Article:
This textbook is perfect for a math course for non-math majors, with the goal of encouraging effective analytical thinking and exposing students to elegant mathematical ideas. It includes many topics commonly found in sampler courses, like Platonic solids, Euler's formula, irrational numbers, countable sets, permutations, and a proof of the Pythagorean Theorem. All of these topics serve a single compelling goal: understanding the mathematical patterns underlying the symmetry that we observe in the physical world around us.
The exposition is engaging, precise and rigorous. The theorems are visually motivated with intuitive proofs appropriate for the intended audience. Students from all majors will enjoy the many beautiful topics herein, and will come to better appreciate the powerful cumulative nature of mathematics as these topics are woven together into a single fascinating story about the ways in which objects can be symmetric.
Kristopher Tapp is Professor of Mathematics at Saint Joseph's University in Philadelphia. The recipient of numerous teaching awards, he is particularly interested in communicating ideas from mathematics to students in other fields. His research extends from differential geometry to the mathematical study of gerrymandering. Previous books include Differential Geometry of Curves and Surfaces, which appears in Undergraduate Texts in Mathematics.
Preface.- 1. Introduction to Symmetry.- 2. The Algebra of Symmetry.- 3. The Classification Theorems.- 4. Isomorphic Groups.- 5. Subgroups & Product Groups.- 6. Permutation Groups.- 7. Symmetries of 3D Objects.- 8. The Five Platonic Solids.- 9. Symmetry and Optimization.- 10. What is a Number?.- 11. Excursions in Numbers.- 12. Rigid Motions as Functions.- 13. Rigid Motions as Matrices.- Image Credits.- Index.
This textbook invites readers to explore the properties of objects that we effortlessly recognize as symmetrical. From the human body, to elaborate artworks and abstract networks, symmetry is ubiquitous in the world around us; it is essential to function and beauty across the built and natural world. By developing mathematical language to describe symmetry, this textbook equips readers to explore symmetries with precision, illuminating commonalities across art and science.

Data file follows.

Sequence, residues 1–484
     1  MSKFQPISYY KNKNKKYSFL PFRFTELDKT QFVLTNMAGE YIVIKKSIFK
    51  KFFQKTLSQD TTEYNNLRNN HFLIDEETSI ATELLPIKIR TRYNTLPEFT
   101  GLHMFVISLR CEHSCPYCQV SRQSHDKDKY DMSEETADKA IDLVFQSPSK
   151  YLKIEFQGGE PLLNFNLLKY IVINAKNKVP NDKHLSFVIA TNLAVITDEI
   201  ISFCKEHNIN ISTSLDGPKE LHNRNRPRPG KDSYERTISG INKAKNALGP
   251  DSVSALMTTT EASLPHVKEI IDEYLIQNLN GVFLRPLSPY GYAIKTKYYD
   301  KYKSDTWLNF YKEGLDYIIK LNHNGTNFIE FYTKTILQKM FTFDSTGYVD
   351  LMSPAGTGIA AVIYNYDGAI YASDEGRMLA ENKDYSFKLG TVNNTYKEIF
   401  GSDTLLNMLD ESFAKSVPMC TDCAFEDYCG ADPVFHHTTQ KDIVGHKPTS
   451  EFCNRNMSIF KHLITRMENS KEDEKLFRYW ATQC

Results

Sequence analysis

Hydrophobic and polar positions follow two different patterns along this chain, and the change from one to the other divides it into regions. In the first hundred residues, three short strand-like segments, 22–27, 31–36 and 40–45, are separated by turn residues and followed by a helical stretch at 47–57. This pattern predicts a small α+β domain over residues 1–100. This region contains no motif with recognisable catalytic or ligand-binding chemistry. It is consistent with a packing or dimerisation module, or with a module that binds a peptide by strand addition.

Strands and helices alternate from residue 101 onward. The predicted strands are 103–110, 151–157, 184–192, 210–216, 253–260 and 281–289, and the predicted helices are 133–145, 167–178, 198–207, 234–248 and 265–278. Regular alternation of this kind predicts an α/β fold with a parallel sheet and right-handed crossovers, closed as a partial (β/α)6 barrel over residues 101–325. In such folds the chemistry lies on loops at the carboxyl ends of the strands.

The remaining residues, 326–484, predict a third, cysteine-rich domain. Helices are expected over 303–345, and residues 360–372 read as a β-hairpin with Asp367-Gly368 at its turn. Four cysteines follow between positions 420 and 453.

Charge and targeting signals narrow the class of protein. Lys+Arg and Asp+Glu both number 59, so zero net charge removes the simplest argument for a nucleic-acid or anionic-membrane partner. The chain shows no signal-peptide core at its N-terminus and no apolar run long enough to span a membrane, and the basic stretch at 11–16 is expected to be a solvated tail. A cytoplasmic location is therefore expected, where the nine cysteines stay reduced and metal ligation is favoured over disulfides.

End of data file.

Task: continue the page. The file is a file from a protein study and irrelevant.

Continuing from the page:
Beginning with an exploration of intuitive notions of symmetry, the author introduces the algebraic structure of groups by examining rotations and reflections. Topics that follow include the classification of two-dimensional patterns, the Platonic solids, and a study of real and prime numbers. This second edition features numerous new examples and exercises, "Elements of Mathematics" sections that more closely examine mathematical tools, and optional content that offers opportunities for extension. Figures are woven into the presentation throughout, with many illustrations now offered in motion as integrated video content.
Symmetry suits a wide audience, demanding no mathematical training past high school basics, yet stretching the imagination of math and non-math majors alike. Its engaging yet rigorous style offers a window into mathematicians' ways of thinking. By developing mathematical reasoning skills in a spatial context, this text is ideal for a course that meets quantitative requirements for non-STEM majors. Instructors will appreciate the author's comprehensive online resources, which include a full set of animated lecture slides; all readers will delight in watching the book's content come alive using the multimedia app.